This is my first introduction to Tahereh Mafi's writing and Furthermore has this rich tapestry of sights, sounds, and colors, I'm not exactly sure how to explain it, except it is a lot like the cover, very colorful. Here's an example of the writing, " The sun had begun its descent, and the sky had turned a dusty, smoky blue; ambers and golds and violets melted along the horizon and kaleidoscoped through the branches, snowflaking spectacular shapes of light across the land." The story itself kinda made me think of a mix of Alice in Wonderland, with The Lost Track of Time and The Phantom Tollbooth. Alice wanders across Furthermore, encounters danger and needs to navigate through different cities. I did like the premise of both Alice and Oliver having quests of their own.
Opening line: "The first time I knew for sure I was a Monday, I was sitting in one of Mrs. Flannagan's boring English Lessons last year in fourth grade."
Poppy Mayberry lives in Nova where everyone has special abilities that are based on the day of the week that you were born on. Poppy's ability is telekinesis, but she isn't very good at it and her rival Ellie can read minds, except she can't stop reading minds when she isn't supposed to in class. When the two girls cause a disruption at school, they get sent to Power Academy, a summer school that will teach them to control their abilities. While at the Academy, the Headmistress splits them into groups of four and gives Poppy's group an extra challenge, locate each of their precious items that she has stolen. If they are successful, then they can leave the Academy early.
Poppy Mayberry was a pretty quick read, for which I would have liked a bit more. I enjoyed how everyone had different abilities (telekinesis, teleportation, mind reading), well except for those Saturday and Sundays, who don't seem to have a talent. Though, Brown does include that not everyone can necessarily control their abilities right away.
Cooperation and working together seems to be a big theme, as it is the only way that Poppy's group is going to be able to find their precious items. This first book had a nice mix of boys and girls, and I hope Brown sticks with these characters in book two, cause there were some hints of romantic feelings between the characters. Overall, a very fun read.
Alistair Grim's Odd Aquaticum by Gregory Funaro Format: Hardcover Publisher: Disney Hyperion Number of Pages: 448 Published: January 5th, 2015 Source: Library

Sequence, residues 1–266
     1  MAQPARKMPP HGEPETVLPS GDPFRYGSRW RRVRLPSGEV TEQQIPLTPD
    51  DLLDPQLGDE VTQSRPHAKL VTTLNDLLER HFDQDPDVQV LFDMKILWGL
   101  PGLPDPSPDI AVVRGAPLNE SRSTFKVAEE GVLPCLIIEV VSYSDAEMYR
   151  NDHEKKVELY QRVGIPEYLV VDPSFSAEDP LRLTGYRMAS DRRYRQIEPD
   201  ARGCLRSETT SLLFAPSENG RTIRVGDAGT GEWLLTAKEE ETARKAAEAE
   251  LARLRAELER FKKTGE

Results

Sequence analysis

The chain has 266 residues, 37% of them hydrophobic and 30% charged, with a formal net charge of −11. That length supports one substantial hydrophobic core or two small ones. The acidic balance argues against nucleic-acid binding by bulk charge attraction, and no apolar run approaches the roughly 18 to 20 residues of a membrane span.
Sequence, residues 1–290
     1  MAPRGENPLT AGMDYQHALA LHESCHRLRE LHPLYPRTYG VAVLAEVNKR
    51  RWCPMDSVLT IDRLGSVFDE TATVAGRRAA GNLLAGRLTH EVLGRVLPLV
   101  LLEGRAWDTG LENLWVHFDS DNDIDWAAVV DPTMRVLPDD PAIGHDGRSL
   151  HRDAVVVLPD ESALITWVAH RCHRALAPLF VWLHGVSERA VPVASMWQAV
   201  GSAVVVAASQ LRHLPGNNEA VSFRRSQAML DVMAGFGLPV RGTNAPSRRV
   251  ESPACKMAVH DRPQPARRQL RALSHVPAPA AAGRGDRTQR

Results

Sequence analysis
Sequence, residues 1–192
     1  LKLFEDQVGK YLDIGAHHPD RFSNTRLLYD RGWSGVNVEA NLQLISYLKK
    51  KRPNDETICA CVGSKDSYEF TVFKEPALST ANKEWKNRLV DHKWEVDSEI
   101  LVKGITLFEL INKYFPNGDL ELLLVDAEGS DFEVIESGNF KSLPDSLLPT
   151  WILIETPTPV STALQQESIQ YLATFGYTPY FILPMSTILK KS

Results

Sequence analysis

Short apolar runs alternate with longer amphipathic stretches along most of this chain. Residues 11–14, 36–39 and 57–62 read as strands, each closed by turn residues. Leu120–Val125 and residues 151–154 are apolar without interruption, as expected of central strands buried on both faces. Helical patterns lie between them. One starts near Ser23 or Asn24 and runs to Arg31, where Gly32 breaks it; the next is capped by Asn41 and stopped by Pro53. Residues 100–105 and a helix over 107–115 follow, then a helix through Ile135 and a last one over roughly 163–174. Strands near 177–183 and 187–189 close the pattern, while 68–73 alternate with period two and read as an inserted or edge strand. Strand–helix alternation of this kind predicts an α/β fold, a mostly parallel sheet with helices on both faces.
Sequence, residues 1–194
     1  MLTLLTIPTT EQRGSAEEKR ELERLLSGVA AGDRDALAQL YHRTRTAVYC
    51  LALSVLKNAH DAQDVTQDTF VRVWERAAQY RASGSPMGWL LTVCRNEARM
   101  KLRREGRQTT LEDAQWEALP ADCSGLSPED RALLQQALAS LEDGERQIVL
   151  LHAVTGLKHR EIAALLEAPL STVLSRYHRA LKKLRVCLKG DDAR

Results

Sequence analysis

Opening line: "Go ahead, Father said, and he passed me the Black Mirror." Grubb's first apprenticeship was a chimney sweep for Mr. Smears. That is until Grubb chooses to stowaway in Alistair Grim's suitcase and ultimately finds himself on Alistair's Odditorium. Being a mysterious twelve-year-old, Grubb then takes one of the magical items he finds from the Odditorium outside, causing an evil necromancer named Prince Nightshade to become aware of their presence. Prince Nightshade than attempts to steal the source of the Odditorium's power for himself. The second book in the series begins shortly after the Odditorium has escaped the clutches of Prince Nightshade. Alistair has taken Grubb on as his apprentice and he's begun his training in how to control the mechanical aspects of the Odditorium, in hopes that one day he can take on the reins. Prince Nightshade is still following their every move and since their last encounter, he has gone on to amass a large army of his own. Yet, Alistair has also been makings plans that involve Merlin's map and a possible location for King Arthur's sword, Excalibur. With it, he hopes to strike down Prince Nightshade for good. Alistair's Odd Aquaticum has a bit of everything, adventure, a magical house fueled by magical fairy dust and steered by a pipe organ, witches, fierce warriors, a magical pocket watch, shades, sea dragons and even the legendary Excalibur. I really enjoyed the way Funaro blended the steampunk, mechanical aspects of the Odditorium with the Arthurian legends of Excalibur, Merlin, and the Lady of the Lake. The Odditorium can even go underwater now, how cool is that? I also felt like I was getting to know all of the other Odditoria's (living and inanimate objects) better than I did in the first book and it was lovely watching Grubb have some much needed bonding time with Alistair. We learn some interesting facts about Mack, the Scottish pocket watch's past as well as some prophecies that are yet to come. Perfect for someone looking for a bit of mystery and non-stop action.
Warren the 13th and The All-Seeing Eye by Tania del Rio and illustrations by Will Staehle Format: Hardcover Publisher: Quirk Books Number of Pages: 224 Published: November 24, 2015 Source: Library
Warren is the 13th member in a long line of Warren's who have lived and worked in the Warren Hotel. He is the one who takes care of the grounds, is the bellhop, and all around handy man, while his Uncle Rupert and Aunt Annaconda have been running the place, practically into the ground. All that will change on Warren's eighteenth birthday when the hotel will finally be his. It's been five long years since a guest has stayed at the Warren Hotel, but now a mysterious guest has shown up requesting a room. Aunt Annaconda suspects that he is looking for the All-Seeing Eye and she desperately wants to find it before the guest does. Aunt Annaconda calls on her sisters Isosceles and Scalene to help her search the hotel, requesting they keep the news secret, which of course means everyone finds out and the hotel is booming with greedy, noisy, destructive guests in search of the eye as well.
I really enjoyed the way the story and illustrations were laid out on the page, with both full page and smaller illustrations in black, white and red, similar to the cover. Alternating with Aunt Annaconda's pages which were a black background with white writing, giving her pages a more spooky feel. There are also Victorian cutouts on a few of the pages and interestingly the chapter titles for her pages were written in reverse. While Warren is attending to the newly arrived guests, he begins to uncover some clues to the whereabouts of the All-Seeing Eye. Clues in the form of riddles and mirrored writings which I imagine would be fun for children to solve. I'm rather fond of creepy old homes and Aunt Annaconda reminded quite a bit of the Grand High Witch in Roald Dahl's The Witches.
*Warren The 13th and The All-Seeing Eye has been nominated for the Cybils award and my review reflects my personal opinion, not the opinion of the Cybils committee.*